Healthcare Quarterly

Healthcare Quarterly 5(2) December 2001 : 93-94.doi:10.12927/hcq..17467

Journal Scan: Recent Literature Worth Noting


[No abstract available for this article.]

From the Journal of the American Medical Association

The Hospitalist Movement 5 Years Later
Robert M.Wachter,MD;Lee Goldman,MD,MPH

We originally described the hospitalist model of inpatient care in 1996; since then, the model has experienced tremendous growth.This growth has important clinical, financial, educational and policy implications.

To review data regarding the effect of hospitalists on resource use, quality of care, satisfaction, and teaching; and to analyze the impact of hospitalists on the health care system and frame key issues facing the movement.

Data Sources and Study Selection
We searched MEDLINE, BIOSIS, EMBASE, and the Cochrane Library from 1996 to September 2001 for studies comparing hospitalist care with an appropriate control group in terms of resource use, quality, or satisfaction outcomes.

Data Extraction
We extracted information regarding study design, nature of hospitalist and control groups, analytical strategies and key outcomes.

Data Synthesis
Most studies found that implementation of hospitalist programs was associated with significant reductions in resource use, usually measured as hospital costs (average decrease, 13.4%) or average length of stay (average decrease, 16.6%).The few studies that failed to demonstrate reductions usually used atypical control groups.Although several studies found improved outcomes, such as inpatient mortality and readmission rates, these results were inconsistent.Patient satisfaction was generally preserved, while limited data supported positive effects on teaching. Although concerns about inpatient-outpatient information transfer remain, recent physician surveys indicate general acceptance of the model.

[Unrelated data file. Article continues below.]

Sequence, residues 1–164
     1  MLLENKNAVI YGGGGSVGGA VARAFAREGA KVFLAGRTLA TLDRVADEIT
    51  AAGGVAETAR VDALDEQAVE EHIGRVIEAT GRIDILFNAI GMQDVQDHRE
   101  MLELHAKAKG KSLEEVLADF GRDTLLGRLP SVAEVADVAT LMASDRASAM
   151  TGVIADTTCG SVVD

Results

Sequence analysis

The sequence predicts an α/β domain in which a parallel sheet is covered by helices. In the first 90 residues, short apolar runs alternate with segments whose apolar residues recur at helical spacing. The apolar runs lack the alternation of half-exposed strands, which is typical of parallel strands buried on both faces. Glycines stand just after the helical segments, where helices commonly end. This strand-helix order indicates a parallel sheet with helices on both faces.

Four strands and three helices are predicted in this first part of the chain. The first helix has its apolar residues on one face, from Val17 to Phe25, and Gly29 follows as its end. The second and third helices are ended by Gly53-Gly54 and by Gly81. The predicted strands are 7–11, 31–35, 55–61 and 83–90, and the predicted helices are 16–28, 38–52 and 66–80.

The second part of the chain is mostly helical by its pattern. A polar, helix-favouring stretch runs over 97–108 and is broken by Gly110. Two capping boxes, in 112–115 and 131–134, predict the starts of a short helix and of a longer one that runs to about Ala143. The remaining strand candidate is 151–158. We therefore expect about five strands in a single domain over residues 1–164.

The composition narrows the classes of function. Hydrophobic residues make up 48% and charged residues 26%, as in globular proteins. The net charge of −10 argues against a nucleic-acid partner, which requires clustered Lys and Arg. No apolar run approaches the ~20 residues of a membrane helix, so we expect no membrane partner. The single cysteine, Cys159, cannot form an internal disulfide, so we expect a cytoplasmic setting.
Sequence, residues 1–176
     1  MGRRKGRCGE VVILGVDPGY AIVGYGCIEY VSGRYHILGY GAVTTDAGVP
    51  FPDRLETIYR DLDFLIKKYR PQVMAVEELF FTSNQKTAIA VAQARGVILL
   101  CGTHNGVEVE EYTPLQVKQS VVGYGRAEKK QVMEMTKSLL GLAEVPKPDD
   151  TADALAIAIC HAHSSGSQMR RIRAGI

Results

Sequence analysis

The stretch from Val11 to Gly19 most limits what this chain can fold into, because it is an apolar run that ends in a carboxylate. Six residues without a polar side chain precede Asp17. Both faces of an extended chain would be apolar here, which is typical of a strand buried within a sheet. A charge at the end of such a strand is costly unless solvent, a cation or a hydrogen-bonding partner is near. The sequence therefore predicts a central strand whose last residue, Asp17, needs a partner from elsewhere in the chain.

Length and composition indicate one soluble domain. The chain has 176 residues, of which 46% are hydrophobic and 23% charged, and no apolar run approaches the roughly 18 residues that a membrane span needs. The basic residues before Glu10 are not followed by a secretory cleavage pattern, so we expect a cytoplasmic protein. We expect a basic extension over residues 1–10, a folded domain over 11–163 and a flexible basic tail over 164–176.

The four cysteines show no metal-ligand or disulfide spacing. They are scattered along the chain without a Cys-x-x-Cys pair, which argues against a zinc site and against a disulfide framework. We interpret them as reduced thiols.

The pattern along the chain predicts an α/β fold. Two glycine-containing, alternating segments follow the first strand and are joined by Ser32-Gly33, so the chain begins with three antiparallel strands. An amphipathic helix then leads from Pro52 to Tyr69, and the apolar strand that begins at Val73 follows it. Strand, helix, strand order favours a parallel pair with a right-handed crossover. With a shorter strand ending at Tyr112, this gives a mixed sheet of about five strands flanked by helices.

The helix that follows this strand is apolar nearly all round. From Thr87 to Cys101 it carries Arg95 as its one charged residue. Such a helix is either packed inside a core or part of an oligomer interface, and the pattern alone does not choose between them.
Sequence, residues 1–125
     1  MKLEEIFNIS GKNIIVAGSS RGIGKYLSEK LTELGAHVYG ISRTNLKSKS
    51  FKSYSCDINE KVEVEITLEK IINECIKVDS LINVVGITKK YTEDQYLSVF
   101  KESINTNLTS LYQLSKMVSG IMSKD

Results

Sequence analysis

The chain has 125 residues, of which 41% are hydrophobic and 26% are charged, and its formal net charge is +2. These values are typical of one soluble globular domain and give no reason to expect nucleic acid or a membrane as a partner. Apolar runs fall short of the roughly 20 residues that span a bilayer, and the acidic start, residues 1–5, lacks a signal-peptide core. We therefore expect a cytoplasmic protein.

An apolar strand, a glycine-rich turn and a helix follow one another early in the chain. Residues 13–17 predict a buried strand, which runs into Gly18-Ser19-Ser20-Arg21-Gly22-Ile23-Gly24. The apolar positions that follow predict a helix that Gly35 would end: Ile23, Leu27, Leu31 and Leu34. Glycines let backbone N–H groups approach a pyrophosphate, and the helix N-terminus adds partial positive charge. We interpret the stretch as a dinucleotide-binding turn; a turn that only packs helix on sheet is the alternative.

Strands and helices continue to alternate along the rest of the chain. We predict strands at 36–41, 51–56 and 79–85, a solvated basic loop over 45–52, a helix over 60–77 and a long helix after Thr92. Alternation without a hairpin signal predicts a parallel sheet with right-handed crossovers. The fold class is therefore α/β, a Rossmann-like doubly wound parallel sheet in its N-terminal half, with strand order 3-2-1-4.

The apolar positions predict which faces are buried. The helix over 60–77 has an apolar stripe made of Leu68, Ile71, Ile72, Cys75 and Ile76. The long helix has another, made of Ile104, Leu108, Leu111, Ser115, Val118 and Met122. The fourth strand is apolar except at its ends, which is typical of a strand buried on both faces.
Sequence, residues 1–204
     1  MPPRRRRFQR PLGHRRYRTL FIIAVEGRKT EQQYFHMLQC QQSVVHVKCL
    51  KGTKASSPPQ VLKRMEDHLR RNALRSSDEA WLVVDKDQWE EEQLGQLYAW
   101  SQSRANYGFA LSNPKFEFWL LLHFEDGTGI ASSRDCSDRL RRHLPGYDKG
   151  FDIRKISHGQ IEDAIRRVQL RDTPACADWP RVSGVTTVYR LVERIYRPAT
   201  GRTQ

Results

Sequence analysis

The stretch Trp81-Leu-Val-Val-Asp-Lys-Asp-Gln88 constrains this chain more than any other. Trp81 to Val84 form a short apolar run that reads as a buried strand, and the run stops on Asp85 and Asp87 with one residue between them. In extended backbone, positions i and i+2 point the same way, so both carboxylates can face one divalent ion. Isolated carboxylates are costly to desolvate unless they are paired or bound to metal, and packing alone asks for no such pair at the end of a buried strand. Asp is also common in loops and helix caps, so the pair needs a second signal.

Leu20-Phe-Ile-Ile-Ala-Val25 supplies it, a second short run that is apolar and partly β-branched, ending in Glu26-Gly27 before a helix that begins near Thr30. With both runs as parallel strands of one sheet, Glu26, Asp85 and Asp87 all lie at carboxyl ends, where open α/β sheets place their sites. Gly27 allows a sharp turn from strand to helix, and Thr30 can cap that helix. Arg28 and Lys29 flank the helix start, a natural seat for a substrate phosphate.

Empirical research supports the premise that hospitalists improve inpatient efficiency without harmful effects on quality or patient satisfaction. Education may be improved. In part catalyzed by these data, the clinical use of hospitalists is growing rapidly, and hospitalists are also assuming prominent roles as teachers, researchers, and quality leaders.The hospitalist field has now achieved many of the attributes of traditional medical specialties and seems destined to continue to grow.
JAMA, Vol.287 No.4, January 23/30,2002

From the British Medical Journal

Getting more for their dollar: A comparison of the NHS with California's Kaiser Permanente
Richard G.A. Feachem,Director, Institute for Global Health, University of California and Berkeley,CA
Neelam K. Sekhri,Chief Executive Officer,Healthcare Redesign Group,Almeda,CA
Karen L.White, Programme Development Officer, Institute for Global Health,University of California and Berkeley,CA

Objective: To compare the costs and performance of the NHS with those of an integrated system for financing and delivery health services (Kaiser Permanente) in California.

Methods: The adjusted costs of the two systems and their performance were compared with respect to inputs, use, access to services, responsiveness, and limited quality indicators.